A decade of database hacking and potential ID theft?

The UK banking sector appears pretty confident in its assertions that ‘contactless’ technology is 100% secure from unauthorised access, and similar claims are also made in respect of Britain’s e-passport.  The argument goes something like this; without an ability to cross-reference information that has been ‘skimmed’ from a contactless device with a user profile that is held within a central database – then the data obtained by the ‘skimmer’ is meaningless.  It’s a reasonable argument, one that makes sense and ought to offer us a very real measure of confidence in ‘contactless’ banking.  However, with the announcement that Sony’s PlayStation has fallen victim to a serious hacking incident, leaving users vulnerable to ID theft, some may wonder just how many customer databases elsewhere have been compromised in recent years?

The results of a very ‘quick and dirty’ trawl through certain internet news portals, looking for examples of database hacking, makes for unsettling reading.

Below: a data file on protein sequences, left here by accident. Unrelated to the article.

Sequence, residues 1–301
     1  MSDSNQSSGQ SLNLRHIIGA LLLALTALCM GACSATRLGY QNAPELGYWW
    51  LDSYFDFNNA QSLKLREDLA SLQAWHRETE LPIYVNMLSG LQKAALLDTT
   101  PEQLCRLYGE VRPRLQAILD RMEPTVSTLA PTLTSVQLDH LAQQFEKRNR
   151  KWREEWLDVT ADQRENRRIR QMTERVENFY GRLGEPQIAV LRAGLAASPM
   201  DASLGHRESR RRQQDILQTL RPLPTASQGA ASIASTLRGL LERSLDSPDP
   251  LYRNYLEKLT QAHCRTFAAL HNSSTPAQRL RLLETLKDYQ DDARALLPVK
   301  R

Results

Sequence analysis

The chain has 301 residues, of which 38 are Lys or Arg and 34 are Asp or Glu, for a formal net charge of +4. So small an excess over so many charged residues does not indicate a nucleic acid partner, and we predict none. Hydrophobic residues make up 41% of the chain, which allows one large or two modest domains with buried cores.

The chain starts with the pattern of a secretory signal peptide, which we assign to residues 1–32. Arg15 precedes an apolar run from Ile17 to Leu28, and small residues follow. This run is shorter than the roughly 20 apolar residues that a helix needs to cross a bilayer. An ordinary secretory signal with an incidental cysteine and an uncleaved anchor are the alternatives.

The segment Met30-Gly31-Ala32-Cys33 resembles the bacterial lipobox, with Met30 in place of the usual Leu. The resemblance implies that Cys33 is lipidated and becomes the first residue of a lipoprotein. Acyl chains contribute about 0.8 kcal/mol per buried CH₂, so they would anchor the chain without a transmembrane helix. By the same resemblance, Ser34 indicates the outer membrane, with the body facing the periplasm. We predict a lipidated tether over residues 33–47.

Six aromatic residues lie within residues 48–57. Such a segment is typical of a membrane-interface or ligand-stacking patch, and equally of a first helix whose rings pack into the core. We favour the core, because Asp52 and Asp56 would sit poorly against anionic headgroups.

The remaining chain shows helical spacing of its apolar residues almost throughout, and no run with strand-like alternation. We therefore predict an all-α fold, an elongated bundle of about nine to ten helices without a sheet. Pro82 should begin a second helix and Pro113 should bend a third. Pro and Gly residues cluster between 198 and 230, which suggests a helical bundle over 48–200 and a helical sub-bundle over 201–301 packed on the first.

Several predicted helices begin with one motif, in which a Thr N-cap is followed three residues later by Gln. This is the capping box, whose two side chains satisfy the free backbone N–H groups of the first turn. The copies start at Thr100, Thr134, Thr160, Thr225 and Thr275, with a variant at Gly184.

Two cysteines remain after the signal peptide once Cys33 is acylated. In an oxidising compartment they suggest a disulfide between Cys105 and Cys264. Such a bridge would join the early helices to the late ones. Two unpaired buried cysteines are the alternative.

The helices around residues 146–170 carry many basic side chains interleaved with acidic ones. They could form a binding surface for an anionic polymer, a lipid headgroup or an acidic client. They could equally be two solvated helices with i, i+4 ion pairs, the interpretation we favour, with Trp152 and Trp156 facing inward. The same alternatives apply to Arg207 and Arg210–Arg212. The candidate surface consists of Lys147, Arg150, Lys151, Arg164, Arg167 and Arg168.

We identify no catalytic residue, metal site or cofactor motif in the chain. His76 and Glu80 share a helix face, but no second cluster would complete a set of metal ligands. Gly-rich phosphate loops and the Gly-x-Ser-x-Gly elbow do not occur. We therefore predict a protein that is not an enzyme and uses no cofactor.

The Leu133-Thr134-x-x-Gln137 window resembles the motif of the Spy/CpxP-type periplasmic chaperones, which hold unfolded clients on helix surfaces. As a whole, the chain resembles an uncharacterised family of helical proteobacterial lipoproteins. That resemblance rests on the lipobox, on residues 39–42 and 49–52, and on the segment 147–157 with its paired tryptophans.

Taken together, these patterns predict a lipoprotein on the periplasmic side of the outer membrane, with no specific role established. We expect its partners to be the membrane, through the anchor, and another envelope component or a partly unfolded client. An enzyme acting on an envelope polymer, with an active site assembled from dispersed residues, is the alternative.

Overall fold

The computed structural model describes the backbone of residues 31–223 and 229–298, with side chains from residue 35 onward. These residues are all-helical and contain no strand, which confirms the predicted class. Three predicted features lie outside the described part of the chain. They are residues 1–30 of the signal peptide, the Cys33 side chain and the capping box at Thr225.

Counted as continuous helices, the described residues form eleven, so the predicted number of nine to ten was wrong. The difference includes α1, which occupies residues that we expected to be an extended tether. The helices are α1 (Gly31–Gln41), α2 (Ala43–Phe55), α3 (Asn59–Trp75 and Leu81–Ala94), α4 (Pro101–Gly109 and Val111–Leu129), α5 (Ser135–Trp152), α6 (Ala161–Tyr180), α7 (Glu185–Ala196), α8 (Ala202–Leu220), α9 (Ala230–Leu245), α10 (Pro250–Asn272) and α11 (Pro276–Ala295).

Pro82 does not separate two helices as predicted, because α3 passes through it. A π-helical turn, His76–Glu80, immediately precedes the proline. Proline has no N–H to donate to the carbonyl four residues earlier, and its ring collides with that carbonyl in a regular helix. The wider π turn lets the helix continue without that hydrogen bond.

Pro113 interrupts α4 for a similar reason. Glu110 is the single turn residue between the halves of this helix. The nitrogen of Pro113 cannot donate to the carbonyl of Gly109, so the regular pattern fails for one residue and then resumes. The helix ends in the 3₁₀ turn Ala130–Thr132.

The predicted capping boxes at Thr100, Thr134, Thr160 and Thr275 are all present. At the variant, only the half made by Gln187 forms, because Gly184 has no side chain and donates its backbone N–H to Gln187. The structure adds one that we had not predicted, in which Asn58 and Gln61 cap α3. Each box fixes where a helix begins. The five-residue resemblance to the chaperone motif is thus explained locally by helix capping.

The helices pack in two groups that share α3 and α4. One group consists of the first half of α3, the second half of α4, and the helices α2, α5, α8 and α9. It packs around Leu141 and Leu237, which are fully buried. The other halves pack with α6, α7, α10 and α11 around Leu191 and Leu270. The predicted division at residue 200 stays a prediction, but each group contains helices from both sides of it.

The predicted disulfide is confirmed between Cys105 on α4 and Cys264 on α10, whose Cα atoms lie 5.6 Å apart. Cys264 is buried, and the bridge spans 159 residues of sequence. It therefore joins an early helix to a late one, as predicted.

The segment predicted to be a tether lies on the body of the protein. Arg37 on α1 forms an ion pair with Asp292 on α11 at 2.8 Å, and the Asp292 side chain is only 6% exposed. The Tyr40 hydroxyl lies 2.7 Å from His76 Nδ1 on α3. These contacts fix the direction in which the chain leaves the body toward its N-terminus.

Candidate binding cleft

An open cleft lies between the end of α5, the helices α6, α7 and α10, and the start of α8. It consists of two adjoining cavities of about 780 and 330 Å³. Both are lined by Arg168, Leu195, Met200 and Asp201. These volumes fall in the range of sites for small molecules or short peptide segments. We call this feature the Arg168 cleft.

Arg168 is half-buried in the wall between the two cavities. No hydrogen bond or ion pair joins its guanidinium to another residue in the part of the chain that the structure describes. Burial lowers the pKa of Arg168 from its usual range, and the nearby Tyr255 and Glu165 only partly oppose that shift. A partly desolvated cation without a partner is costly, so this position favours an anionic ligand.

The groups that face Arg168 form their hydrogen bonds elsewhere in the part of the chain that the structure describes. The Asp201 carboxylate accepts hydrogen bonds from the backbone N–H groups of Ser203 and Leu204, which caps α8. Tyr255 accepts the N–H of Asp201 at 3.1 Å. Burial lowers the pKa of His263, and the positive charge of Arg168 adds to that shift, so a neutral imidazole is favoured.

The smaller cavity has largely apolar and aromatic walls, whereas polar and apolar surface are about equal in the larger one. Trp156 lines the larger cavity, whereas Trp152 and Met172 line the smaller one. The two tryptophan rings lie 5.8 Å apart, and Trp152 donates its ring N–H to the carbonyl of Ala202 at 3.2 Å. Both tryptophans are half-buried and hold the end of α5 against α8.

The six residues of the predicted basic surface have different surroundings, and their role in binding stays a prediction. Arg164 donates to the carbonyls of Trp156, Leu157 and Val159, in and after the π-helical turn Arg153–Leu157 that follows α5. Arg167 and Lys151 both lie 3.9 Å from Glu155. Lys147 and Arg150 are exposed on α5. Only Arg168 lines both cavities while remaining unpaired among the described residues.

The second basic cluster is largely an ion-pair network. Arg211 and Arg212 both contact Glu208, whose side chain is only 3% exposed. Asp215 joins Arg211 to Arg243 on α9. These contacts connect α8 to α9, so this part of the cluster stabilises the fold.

But do keep in mind there’s no need to worry unduly about contactless crime; as a number of products are already available that will allow any concerned carrier of RFID-enabled cards or passports to shield their data. For instance RFID Protect in the UK, offers a wide range of ‘anti-skim’ shielding products.

Click here for a snapshot of some newsworthy database hacks over the past decade.

(Published by kind permission of Contactless)

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